It’s bad enough to become sick from COVID-19, or any other virus that keeps you home and in bed until you recover. But what if health problems persist for weeks, months or years afterward? While there’s still a lot to learn and understand, Long COVID symptoms manifest in many people.
Most people with COVID-19 get better within a few days of infection, but if health problems persist past the four-week mark, Long COVID could be the culprit, according to the Centers for Disease Control and Prevention.
General symptoms of Long COVID include fatigue that can interfere with your everyday activities. You may experience difficulty breathing or shortness of breath, heart palpitations, even chest pain.
People who have Long COVID have also reported neurological symptoms, such as difficulty concentrating, problems sleeping, dizziness or lightheadness. Some experience joint or muscle pain.
Although it is more common among adults, Long COVID can also occur in children and adolescents.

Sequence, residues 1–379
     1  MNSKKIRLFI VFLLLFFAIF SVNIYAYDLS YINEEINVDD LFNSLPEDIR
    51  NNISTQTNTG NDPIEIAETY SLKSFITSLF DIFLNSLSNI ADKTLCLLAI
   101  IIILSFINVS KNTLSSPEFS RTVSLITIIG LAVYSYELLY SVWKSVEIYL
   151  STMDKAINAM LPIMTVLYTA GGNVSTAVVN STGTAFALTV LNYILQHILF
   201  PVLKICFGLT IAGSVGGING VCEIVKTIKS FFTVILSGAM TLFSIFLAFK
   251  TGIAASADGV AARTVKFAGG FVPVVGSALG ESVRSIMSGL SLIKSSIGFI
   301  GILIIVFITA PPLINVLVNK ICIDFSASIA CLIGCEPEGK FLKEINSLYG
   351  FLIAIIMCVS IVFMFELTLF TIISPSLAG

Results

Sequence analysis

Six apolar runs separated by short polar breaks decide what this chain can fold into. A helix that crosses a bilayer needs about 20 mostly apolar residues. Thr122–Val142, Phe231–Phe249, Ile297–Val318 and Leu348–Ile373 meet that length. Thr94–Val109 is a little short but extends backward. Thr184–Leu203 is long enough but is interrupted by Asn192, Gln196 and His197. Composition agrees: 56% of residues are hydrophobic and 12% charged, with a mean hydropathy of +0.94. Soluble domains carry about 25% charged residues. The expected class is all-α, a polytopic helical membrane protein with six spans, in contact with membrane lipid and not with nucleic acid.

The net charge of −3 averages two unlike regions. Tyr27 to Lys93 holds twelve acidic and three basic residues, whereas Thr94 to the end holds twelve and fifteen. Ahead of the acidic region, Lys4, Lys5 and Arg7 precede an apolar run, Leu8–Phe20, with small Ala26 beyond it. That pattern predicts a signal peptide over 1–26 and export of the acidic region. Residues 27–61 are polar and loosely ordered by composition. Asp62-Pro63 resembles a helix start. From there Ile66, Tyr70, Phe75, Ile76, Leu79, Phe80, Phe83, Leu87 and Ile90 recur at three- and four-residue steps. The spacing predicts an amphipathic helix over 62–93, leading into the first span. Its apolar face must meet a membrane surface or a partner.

People who are not vaccinated against COVID-19 and become infected may have a higher risk of developing Long COVID compared to those who have been vaccinated, says the CDC.
Consider boosting your immune system against COVID-19 with an updated vaccine. Each year, updated boosters are designed to tackle the latest strains of the virus and are one way to avoid or diminish symptoms that could turn into Long COVID.
Other ways to prevent the spread of infectious diseases, the CDC says, include:
- Avoiding close contact with people who have COVID-19 or who suspect they have it
- Washing your hands frequently or using an alcohol-based hand sanitizer
- Wiping down high-traffic surfaces with disinfecting wipes
- Improving ventilation within your home, e.g., opening windows for air to circulate